Warren Buffett says he is worried about the prospect for "significant inflation" in the United States and elsewhere, and that the Greek debt crisis has the potential for "high drama."
Buffett also said he is seeing real signs of improvement in the economy, especially in manufacturing, though it will take another year for a sustainable housing recovery to take hold.
Buffett also said his Berkshire Hathaway Inc. has only limited exposure to currency fluctuations, mainly through investments in businesses such as reinsurers and marketable securities.
Speaking at Berkshire's annual shareholders meeting on Saturday in Omaha, Neb., Buffett said the company has a large share of its fortunes tied to the euro, largely from investments in European companies.
Unlike other prominent investors like hedge fund manager George Soros, Buffett has steered clear of large currency bets in recent years, and has said that while he looks worldwide for investments, he would be happy making investment bets mainly in the United States.
However, after many central banks worldwide drove interest rates to record or near-record lows and funneled trillions of dollars of stimuli into economies worldwide as the 2008 financial crisis set in, Buffett said he sees a chance for inflation to rear its head.
"The prospects for significant inflation have increased, not only here but around the world," Buffett told roughly 40,000 shareholders at the meeting. "Weaning ourselves from the medicine" may be more difficult than enacting the stimuli in the first place, he said.
Buffett said the days of very low interest rates in the United States cannot continue indefinitely.
"It won't work forever to run huge budget deficits and easy money," Buffett warned. He said if this causes problems, Congress rather than the Federal Reserve should get the blame.
Buffett's said Berkshire's manufacturing businesses, including the conglomerate Marmon Holdings Inc. and toolmaker Iscar Metalworking Cos., are benefiting from "pretty significant improvement.
He said luxury goods units including Borsheim's and the NetJets Inc. plane leasing unit are seeing improved business, albeit from a "very, very low level," while results for housing-sensitive businesses such as Acme Brick Co. and the insulation maker Johns Manville remain "very poor."
Yet Buffett cautioned policymakers not to artificially stimulate housing sales and perhaps derail a recovery.
"What would bother me is if we were to overstimulate them, and create a permanent overhang," he said. "I want to have a sustainable recovery, and I don't think you're going to have to wait more than a year for that."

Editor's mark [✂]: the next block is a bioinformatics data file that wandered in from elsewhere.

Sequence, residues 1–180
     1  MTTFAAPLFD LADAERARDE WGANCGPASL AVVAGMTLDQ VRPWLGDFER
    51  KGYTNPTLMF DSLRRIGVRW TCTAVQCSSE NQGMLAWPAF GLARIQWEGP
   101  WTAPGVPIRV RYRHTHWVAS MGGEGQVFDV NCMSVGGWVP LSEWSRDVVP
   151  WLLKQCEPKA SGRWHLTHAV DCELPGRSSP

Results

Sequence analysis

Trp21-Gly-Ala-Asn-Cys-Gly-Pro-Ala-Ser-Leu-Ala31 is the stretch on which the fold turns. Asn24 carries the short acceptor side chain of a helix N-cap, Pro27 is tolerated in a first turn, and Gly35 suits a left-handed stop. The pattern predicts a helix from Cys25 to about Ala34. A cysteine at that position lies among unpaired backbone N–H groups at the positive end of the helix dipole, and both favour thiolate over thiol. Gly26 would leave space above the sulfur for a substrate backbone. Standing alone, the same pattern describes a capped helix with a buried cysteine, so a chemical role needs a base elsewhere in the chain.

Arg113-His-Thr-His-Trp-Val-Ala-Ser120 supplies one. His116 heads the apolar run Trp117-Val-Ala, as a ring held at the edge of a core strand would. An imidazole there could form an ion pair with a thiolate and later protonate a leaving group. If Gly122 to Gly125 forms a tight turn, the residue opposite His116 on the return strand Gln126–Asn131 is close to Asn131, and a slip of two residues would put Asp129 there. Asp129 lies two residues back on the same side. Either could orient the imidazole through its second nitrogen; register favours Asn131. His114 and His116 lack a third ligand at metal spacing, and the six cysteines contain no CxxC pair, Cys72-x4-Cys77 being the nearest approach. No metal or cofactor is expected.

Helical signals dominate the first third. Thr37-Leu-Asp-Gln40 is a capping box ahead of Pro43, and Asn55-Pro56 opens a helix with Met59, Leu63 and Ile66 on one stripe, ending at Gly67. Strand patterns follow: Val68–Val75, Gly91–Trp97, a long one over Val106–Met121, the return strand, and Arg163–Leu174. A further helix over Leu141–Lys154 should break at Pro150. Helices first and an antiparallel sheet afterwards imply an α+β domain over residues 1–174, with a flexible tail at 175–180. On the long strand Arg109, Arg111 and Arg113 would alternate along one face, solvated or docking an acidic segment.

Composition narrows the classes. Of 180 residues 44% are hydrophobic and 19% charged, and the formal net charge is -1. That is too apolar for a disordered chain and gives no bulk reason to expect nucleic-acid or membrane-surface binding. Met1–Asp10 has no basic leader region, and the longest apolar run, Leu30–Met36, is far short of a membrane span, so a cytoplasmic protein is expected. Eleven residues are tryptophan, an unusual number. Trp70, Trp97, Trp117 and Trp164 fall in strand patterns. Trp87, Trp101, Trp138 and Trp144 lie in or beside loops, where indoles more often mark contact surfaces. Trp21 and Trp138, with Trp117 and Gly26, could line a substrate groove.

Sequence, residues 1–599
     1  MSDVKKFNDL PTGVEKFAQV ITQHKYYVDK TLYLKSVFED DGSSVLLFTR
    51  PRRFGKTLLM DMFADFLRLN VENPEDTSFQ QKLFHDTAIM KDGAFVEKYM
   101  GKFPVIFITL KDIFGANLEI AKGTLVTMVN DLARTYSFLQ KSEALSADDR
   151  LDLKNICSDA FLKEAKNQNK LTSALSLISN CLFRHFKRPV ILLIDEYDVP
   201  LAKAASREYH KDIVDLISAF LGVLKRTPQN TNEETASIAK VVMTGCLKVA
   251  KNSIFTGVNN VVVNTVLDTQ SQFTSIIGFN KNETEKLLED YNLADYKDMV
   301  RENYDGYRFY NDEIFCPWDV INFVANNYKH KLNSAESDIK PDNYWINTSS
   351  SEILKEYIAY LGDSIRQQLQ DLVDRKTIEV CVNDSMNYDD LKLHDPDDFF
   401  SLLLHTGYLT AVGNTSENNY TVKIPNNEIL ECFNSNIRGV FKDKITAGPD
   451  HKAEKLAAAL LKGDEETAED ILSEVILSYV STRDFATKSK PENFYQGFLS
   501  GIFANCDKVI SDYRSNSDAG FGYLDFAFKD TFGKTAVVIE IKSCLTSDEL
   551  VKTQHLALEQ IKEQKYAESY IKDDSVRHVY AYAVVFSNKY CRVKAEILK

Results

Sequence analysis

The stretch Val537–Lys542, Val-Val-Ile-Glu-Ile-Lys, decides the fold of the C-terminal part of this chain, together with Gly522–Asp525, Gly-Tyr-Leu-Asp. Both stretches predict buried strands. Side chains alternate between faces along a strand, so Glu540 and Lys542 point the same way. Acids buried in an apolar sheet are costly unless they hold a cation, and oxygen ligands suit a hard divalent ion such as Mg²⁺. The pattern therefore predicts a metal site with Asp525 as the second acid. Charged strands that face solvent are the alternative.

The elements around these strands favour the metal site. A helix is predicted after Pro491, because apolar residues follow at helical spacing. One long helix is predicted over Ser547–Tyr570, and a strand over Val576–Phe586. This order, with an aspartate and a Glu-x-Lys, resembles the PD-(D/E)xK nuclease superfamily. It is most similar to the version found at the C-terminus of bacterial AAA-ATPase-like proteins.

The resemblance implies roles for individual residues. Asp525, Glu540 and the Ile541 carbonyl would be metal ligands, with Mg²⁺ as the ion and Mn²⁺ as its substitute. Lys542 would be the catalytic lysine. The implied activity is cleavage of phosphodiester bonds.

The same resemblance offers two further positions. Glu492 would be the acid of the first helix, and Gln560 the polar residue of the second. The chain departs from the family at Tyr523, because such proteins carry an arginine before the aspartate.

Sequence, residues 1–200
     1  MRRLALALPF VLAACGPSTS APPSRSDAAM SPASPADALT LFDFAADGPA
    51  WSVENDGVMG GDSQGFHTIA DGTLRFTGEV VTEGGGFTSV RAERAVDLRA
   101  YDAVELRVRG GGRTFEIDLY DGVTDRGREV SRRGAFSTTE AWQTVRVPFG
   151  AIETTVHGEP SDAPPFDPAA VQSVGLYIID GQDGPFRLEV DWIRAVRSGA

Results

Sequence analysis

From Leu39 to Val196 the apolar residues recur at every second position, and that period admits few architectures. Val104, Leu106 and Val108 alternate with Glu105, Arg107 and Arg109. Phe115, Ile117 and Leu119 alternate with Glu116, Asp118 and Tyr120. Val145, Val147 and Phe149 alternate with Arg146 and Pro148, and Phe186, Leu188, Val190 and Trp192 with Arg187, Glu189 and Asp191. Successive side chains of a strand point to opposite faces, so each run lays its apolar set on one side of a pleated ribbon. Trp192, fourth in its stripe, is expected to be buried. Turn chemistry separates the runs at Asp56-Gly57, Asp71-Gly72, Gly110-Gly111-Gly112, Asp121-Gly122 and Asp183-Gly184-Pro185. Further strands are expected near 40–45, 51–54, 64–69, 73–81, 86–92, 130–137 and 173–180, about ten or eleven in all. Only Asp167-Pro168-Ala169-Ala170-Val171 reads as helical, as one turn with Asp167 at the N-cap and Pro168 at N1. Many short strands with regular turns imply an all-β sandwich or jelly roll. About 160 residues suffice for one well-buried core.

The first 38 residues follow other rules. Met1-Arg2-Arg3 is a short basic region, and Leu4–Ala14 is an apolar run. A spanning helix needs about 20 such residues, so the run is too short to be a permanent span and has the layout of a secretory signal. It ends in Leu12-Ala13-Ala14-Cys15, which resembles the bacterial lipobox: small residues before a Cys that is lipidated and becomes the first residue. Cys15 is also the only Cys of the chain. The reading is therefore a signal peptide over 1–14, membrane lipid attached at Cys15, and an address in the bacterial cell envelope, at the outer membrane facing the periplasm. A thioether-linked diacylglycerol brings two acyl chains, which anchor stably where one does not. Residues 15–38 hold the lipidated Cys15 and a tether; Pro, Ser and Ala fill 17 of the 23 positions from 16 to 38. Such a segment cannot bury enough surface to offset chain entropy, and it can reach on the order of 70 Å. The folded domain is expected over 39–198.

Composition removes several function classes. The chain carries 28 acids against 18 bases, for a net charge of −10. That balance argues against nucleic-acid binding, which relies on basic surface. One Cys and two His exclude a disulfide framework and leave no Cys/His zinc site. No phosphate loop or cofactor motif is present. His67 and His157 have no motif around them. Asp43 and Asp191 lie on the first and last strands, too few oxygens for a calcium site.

Buffett maintained enthusiasm for Federal Reserve Chairman Ben Bernanke, saying "there's no one in the United States that I know of whom I would rather have running the Fed than Ben Bernanke."
He also said low rates make it tough for individual investors. Buffett joked that if an investor held investments when Christopher Columbus arrived in America in 1492, "you might have doubled your money by now."
Buffett said Berkshire has substantial exposure to the euro through investments in reinsurance companies in Germany, such as Cologne Re.
"We seldom develop a strong view on one currency versus another," Buffett said. "Events in past years would make me more bearish in terms of currencies holding their value over time."
Buffett and Berkshire Vice Chairman Charlie Munger said Greece's current financial problems pose a unique challenge because the country's government is a sovereign state, but its fiscal problems prevent it from printing its own money to resolve its economic crisis.
"We may be seeing a test case play out here with a country not using its own currency," Buffett said.
Debt problems in Europe have caused the euro's value to fall to $1.33 as of Friday, from about $1.432 at year end.
Berkshire once had a $21 billion bet against the dollar, but unwound most of that bet three years ago.
Known for his simple language and homespun humor, Buffett likened the crisis to a movie with a depressing ending.
"It will be high drama," he said. "I really don't know how this movie ends, and I try not to go to movies like that."
European governments and the International Monetary Fund on Sunday committed to pull Greece back from the brink of default, agreeing on 110 billion euros ($145 billion) in emergency loans on the condition Athens make painful budget cuts and tax increases.
The rescue is aimed at keeping Greece from defaulting on its debts and preventing its financial crisis from infecting other indebted countries just as Europe is struggling out of recession.
© 2016 Thomson/Reuters. All rights reserved.